SO, WHICH VERSION TO BUY? 32 OHM or 250 OHM (600 OHM not considered): The differing impedances made me question sound quality. If the 32 Ohm was for portable devices, then did that mean they had dumbed it down? Would the 250 Ohm leave me stuck with something I couldn't use because it required more powerful headphone amps than were in my audio chain already? So, I consulted the engineer who refurbished my Carver preamp a couple years ago, asking if the headphone amp in my C-4000 was powerful enough for the 250 Ohm version, or if I would be better off with the 32 Ohm version, that my aim was to not sacrifice sound quality but nonetheless not be stuck with headphones my equipment could not power strongly enough. As well, I got the opinions of some members of the Audioholics online community. Regarding sound quality, everyone I asked said the 32 Ohm version would sound great for any kind of listening, that there would be no discernible, real-world difference between the 32 Ohm and 250 Ohm versions. Even Beyerdynamic's website indicates, "In general, it can be stated that the resolution and precision of the high mids and highs is slightly better at higher impedances.... The sound differences between the various impedances are very slight and most people can only actually hear them when the sounds are compared directly.... The low-resistance, 32-ohm headphones are also an absolutely high-quality variant with excellent transmission characteristics that match the best competitors in the price class." More importantly, Beyerdynamic's website, and the individuals I contacted above, all said it was the ability of the amp to power the headphones that mattered. So, in my case, the decision to buy the 32 Ohm DT990 really came down to what my equipment could drive. Since my current headphones were 24 Ohms, it was a cinch to go with the 32 Ohms. Plus, I didn't want to end up with 250 Ohm headphones, run into a situation where they could not be used, and find I'd have to buy 32 Ohm headphones anyway. See more about impedance in the next paragraph.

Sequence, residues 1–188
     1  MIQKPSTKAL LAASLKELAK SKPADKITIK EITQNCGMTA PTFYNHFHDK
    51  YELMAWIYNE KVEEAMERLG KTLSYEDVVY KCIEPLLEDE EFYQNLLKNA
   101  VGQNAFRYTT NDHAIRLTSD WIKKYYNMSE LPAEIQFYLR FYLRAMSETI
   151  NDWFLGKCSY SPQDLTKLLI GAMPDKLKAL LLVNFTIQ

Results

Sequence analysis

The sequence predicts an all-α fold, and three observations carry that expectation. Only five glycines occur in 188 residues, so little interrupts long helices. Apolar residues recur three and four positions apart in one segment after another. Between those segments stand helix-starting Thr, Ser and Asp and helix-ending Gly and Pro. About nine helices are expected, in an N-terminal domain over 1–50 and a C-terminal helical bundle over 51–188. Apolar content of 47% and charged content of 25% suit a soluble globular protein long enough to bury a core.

TECHNICAL INFORMATION REGARDING IMPEDANCE: In my research I discovered what appears to be the main concern regarding headphone INPUT impedance. It is related to an amp's OUTPUT impedance and how the amp achieves optimal damping of the speaker. Called the "damping factor," this indicates how well the amp controls the speaker motor assembly and diaphragm so that the speaker's movements accurately replicate (i.e. track or resolve) the electrical waveform. It also concerns how ably the amplifier limits the voltage created by the speaker's own movement, achieving this limiting by allowing current to pass from the speaker back into the amp unimpeded, or almost so. (Sort of like shoving somebody, and when they try to shove you back, their arms pass through you.) Let's stop for a moment and think about this in terms of wires and magnets, volage and current: remember in school, when you took coiled wire and turned it inside an array of magnets? You produced electricity, right? When a speaker moves - even if you do it by hand, because its voice coil is in a magnetic field it will PRODUCE electricity and send current out to whatever is connected to it. If that current coming from the speaker goes back to the amp while it is operational, and meets any meaningful impedance, voltage back at the speaker then rises and interacts with the speaker's magnetic field, thus introducing unwanted additional movement in the speaker itself. Not good. But how do engineers fix it? Again, good damping is needed. To optimize damping, the first rule is that the INPUT impedance of the speaker should be 10 times (some say 8) the OUTPUT impedance of the amp. The second rule is that an amplifier must have output impedance below 1 Ohm for best performance. Sounds like that could be a problem, causing every potential headphone consumer to track down the output impedance of any headphone amp before making an informed purchase, right? Well, not really. Since the OUTPUT impedance of solid state amps is almost universally very low, it is fairly easy and safe to make headphones with low INPUT impedances which allow for excellent damping by just about any decent amp. Another way of putting this is that low impedance headphones can sound great if solid state amps are designed with the above rules in mind - and practically all of them are. How can you be sure? Well, just check the manufacturer's amp specs for the lowest impedance headphones the amp will drive, regardless of whether they publish the output impedance of the amp. (Publishing the output impedance of a solid state amp is like being a tire manufacturer and publishing that your tires hold air.) That spec will as a general rule reveal the underlying design approach, which should be very low amp output impedance. For instance, my Audioengine D1 has no listed specs for its amp output impedance, but they do publish that the D1 accepts headphones as low as 10 Ohms. With the above in mind, I was confident both that the D1 effectively drives and controls (i.e. dampens) headphones with impedances down to 10 Ohms, and that the internal amp is at or below good design criteria for an amp's output impedance, which is 1 Ohm or lower. Decision time: the 10 Ohm minimum headphone input impedance stipulated for the Audioengine D1 amp is below the DT990's 32 Ohms - with plenty of room to spare. Furthermore, the DT990 has low enough impedance to be easily driven to loud volumes, which I desire. Problem solved! Let me grab my wallet.